UK/US distinction in terminology
Thread poster: Alayna Keller

Alayna Keller
Local time: 00:48
Spanish to English
+ ...
Jan 26, 2009

Here in Spain most translations -in fact, 90%- for domestic or EU consumption come asking for British English, please. One tries, one really does, but one is not English, and sometimes one slips up. Case in point: Translating a Spanish law into English. I've always blithely translated "artículo" as "article". A colleague has just called my attention to the fact that English laws tend to use "section" instead of "article." I've just scanned a couple of things (like the Data Protection Act), and she appears to be absolutely right. However, I've found a couple of references to articles at web sites with UK and Australian domain names. Have I been committing unpardonable howlers for years?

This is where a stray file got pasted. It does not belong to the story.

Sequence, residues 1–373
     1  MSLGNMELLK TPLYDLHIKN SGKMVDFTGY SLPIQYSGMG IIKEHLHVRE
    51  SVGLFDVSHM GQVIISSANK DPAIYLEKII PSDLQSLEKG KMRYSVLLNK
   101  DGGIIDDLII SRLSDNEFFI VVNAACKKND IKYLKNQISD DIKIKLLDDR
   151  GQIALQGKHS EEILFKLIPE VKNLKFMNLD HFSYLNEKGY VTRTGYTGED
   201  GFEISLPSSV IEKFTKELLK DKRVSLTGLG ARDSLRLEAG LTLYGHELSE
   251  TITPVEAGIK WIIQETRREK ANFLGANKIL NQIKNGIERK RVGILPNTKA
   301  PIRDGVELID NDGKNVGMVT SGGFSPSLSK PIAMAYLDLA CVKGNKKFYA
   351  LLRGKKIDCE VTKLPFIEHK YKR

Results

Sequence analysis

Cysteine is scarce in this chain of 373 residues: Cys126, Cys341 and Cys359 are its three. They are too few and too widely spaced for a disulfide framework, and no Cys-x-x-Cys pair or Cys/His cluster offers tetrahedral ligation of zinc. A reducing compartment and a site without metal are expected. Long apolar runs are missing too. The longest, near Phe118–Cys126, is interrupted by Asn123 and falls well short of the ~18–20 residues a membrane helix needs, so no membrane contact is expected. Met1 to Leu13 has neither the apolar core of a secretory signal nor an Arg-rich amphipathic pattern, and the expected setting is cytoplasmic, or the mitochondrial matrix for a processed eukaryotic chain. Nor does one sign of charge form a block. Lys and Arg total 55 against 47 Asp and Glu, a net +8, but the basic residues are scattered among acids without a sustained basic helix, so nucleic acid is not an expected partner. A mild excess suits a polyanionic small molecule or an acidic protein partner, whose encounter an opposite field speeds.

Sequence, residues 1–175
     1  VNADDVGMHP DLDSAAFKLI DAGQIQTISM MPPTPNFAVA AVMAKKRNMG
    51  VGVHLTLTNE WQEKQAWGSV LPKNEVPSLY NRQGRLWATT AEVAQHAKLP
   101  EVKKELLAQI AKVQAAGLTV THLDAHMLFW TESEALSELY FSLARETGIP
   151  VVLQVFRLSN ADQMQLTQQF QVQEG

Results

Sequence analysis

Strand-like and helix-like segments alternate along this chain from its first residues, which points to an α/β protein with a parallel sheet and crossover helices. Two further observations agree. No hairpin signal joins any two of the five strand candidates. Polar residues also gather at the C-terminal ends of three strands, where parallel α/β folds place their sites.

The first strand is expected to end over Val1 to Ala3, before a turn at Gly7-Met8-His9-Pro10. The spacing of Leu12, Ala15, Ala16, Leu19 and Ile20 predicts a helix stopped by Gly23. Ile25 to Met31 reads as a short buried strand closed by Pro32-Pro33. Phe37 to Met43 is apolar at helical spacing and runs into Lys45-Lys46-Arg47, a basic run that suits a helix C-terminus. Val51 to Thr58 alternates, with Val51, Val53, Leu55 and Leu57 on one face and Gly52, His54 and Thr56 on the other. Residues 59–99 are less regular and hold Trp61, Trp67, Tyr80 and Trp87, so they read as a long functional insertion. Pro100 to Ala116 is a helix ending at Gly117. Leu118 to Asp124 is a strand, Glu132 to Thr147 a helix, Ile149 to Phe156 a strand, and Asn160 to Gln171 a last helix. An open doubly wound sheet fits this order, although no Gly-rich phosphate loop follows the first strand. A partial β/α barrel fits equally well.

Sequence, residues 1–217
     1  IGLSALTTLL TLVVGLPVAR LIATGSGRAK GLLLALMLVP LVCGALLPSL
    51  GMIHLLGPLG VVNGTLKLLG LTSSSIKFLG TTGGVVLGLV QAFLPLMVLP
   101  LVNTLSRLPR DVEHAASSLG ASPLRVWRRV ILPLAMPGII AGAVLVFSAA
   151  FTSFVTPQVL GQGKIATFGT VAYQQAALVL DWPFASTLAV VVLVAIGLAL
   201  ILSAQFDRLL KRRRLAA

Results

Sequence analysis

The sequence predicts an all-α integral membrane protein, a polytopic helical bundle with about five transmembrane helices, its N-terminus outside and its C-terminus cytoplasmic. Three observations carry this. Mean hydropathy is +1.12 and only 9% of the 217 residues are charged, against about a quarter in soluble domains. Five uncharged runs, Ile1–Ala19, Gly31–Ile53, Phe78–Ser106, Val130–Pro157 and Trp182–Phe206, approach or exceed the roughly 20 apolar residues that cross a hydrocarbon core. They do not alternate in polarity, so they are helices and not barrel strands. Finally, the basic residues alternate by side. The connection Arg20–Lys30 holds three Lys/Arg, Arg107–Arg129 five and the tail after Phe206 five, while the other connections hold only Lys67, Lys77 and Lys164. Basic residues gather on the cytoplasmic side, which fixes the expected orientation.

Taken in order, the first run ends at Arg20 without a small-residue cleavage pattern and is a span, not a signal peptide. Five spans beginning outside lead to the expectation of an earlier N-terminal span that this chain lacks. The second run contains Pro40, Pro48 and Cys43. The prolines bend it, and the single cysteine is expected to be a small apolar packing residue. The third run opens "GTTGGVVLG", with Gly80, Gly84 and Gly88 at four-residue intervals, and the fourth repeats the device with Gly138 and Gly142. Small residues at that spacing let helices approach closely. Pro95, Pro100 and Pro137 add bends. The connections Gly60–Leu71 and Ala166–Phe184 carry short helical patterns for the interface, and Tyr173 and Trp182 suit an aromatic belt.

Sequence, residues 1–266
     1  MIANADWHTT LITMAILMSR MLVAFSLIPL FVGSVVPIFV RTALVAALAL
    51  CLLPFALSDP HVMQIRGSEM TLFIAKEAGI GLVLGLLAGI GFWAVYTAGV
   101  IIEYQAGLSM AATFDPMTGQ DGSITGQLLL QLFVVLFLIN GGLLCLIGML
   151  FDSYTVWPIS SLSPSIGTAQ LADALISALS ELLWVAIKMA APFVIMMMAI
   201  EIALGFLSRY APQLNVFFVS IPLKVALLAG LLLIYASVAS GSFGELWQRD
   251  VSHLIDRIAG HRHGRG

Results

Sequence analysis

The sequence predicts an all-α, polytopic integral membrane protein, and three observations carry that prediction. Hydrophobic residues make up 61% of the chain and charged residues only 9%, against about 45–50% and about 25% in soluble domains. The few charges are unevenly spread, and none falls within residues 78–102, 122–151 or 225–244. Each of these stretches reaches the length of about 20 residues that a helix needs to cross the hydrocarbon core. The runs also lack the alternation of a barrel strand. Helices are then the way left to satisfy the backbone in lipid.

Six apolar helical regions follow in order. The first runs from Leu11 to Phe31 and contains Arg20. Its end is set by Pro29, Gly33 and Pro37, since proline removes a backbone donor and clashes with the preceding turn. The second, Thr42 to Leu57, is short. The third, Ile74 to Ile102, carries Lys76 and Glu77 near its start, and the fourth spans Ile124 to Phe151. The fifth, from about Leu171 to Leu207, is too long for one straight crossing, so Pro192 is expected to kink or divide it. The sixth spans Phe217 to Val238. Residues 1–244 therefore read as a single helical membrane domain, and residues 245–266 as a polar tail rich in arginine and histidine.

[Edited at 2009-01-28 10:14 GMT]


 

Sushan Harshe
India
Local time: 04:18
English to Hindi
+ ...
"article". AND "section" Feb 1, 2009

In legal process, Term article stands for provisions made for a subject condition. A specific law or number of laws created refers to this article; also it is called provision. Section is part of concerned law where number of possible situations are categorized.

 


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UK/US distinction in terminology

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